Unlike the original PoE devices, which had only 3 classes set at the time the device was plugged in, the new PoE+ devices are much more sophisticated in negotiating for power. PoE+ devices can ask for power in much smaller increments and can renegotiate their power needs at any time, depending on what the device is doing. Such flexibility allows PoE+ devices to implement power-saving modes, such as “sleep” mode, which would use less power than when the device is initially started.
All of this fancy negotiation is done using Ethernet Layer 2 LLDP messages send between the Ethernet Switch and the endpoint device. Information exchanged between the Ethernet Switch and the powered device includes:
- Power Source: Normal, or Backup/conservation
- Power Priority: (Critical, High, Low)
- Power Value: (0-102.3 Watts in 0.1 Watt increments).
Power Source: This allows the switch to tell an endpoint that it is operating on backup power (and may wish to reduce power usage or perform a safe shutdown).
Power Priority: This allows the switch to tell an endpoint what priority it has over other endpoints. If there is a power shortage, Low priority devices will lose power before High priority devices and Critical devices will stay on as long as possible (even if it means shutting off everything else).
Power Value: This allows the switch to tell the endpoint how much power is available and what it is allowed to draw. The endpoint uses the same variable to ask for more (or less) power, depending on what is needed.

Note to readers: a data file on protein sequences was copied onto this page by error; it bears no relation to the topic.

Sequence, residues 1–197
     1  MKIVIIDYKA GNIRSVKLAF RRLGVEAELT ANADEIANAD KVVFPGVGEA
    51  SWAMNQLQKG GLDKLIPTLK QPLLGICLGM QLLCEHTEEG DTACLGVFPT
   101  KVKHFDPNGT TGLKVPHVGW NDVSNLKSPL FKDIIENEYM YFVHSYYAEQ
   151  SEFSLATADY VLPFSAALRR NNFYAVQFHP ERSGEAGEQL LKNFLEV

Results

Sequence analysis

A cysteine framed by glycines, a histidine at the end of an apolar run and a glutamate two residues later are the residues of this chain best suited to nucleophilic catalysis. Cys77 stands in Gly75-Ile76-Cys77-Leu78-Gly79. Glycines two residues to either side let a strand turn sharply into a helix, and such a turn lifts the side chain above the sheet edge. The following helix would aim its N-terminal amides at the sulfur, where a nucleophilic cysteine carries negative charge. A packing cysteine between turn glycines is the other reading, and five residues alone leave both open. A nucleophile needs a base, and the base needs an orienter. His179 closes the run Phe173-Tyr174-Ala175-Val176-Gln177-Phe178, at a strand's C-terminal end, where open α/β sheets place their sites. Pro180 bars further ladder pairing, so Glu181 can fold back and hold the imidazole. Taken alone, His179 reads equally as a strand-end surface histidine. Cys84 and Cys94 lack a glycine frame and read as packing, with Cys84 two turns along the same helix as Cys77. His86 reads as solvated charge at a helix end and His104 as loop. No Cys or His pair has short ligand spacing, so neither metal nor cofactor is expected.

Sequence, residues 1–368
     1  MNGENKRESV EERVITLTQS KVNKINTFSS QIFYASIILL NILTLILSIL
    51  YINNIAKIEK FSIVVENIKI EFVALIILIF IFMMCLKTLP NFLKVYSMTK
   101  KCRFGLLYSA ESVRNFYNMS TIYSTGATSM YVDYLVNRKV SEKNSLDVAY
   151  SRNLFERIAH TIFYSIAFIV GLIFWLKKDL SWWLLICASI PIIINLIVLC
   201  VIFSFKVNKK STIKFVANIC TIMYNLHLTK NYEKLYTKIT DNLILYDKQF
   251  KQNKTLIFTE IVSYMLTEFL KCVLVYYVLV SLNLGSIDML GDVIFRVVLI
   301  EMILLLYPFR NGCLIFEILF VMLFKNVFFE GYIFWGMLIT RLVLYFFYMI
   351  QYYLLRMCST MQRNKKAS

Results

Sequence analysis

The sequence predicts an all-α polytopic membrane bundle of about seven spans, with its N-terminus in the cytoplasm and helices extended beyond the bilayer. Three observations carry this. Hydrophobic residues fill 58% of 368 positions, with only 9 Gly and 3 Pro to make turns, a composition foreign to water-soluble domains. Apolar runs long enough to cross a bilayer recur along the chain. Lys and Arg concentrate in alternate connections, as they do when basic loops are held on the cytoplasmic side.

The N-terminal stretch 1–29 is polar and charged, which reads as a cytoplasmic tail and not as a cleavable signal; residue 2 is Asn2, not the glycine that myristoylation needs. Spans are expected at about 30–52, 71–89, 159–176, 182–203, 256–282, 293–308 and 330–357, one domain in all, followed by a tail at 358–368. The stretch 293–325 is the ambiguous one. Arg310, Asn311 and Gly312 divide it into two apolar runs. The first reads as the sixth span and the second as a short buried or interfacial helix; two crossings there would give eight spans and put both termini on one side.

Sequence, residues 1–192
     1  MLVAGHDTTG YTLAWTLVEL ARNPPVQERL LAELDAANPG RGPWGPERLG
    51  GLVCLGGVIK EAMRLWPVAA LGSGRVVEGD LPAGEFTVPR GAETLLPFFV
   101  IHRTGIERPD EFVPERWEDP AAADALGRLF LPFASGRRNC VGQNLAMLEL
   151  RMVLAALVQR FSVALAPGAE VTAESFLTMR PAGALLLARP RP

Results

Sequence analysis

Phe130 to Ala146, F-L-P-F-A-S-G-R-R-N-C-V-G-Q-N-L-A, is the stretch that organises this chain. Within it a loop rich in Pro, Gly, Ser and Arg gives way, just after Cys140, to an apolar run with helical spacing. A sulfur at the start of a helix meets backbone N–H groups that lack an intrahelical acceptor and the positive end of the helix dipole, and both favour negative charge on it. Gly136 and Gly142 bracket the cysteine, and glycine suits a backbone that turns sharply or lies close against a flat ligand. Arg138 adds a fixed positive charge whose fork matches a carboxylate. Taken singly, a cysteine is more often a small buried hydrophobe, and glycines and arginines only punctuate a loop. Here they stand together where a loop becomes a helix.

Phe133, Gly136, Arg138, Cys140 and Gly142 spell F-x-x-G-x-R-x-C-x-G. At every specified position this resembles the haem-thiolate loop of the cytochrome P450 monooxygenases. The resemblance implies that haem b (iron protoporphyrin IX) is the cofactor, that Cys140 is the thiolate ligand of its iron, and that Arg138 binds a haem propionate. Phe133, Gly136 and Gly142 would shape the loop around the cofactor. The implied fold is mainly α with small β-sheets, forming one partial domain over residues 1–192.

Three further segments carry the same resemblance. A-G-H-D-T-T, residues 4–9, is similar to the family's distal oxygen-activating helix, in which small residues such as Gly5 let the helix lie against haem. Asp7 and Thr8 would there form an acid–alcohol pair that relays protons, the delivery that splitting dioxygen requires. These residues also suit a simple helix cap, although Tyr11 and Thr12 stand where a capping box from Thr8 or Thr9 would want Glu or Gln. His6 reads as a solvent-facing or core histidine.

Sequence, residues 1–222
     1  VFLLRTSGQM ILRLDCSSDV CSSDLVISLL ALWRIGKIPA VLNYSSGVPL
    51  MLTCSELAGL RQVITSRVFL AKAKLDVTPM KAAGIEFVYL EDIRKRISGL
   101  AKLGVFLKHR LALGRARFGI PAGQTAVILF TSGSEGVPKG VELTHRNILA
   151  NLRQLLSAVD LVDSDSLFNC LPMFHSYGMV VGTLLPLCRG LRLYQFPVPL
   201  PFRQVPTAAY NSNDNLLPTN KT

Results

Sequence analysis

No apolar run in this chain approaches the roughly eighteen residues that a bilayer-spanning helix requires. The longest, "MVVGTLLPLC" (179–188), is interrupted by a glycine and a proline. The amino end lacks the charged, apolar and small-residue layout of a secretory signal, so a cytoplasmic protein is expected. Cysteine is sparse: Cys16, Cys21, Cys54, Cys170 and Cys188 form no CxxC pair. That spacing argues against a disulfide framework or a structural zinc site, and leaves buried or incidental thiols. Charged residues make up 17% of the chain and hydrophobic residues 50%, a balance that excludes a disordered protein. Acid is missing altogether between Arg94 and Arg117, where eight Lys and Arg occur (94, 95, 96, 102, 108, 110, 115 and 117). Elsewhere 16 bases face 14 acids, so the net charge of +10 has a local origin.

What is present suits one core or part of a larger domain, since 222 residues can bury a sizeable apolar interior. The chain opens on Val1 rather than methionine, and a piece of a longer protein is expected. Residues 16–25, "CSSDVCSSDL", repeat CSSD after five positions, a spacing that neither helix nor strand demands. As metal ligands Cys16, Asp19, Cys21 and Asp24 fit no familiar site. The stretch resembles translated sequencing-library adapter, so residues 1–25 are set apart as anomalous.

In some earlier versions of Cisco equipment, the Cisco Discovery Protocol (CDP) may be used to negotiate power instead of LLDP, but it works in a similar fashion.
Look Out! When Things Go ZAP in the Night…
So now that we know the basics of PoE and PoE+, what do we as network administrators need to watch out for? We can watch our network’s power consumption at the switch level and at each individual ethernet port.
At the Ethernet Switch Level
Regardless of whether we have any PoE or PoE devices on our network, it can be very helpful to monitor the health of our network equipment’s power supplies. PathSolutions allows us to watch the status and power consumption of each power supply, what percentage of utilization we are running, and the level of alarms we may have set to warn us that we’re running low on power.
Keeping an eye on power supplies can help us to avoid unpleasant discoveries. One unlucky network administrator had two power supplies installed in a network chassis (one primary and one backup). Unfortunately, when the primary power supply stopped working, nobody knew, since the backup power supply was doing its job of keeping everything running. The problem wasn’t noticed for over six months. Nobody was in the empty remote wiring closet to noticed the lack of lights on the power supply. The users remained blissfully unaware of impending doom until the wee hours of a weekend when the second power supply was shut off by a circuit-breaker trip!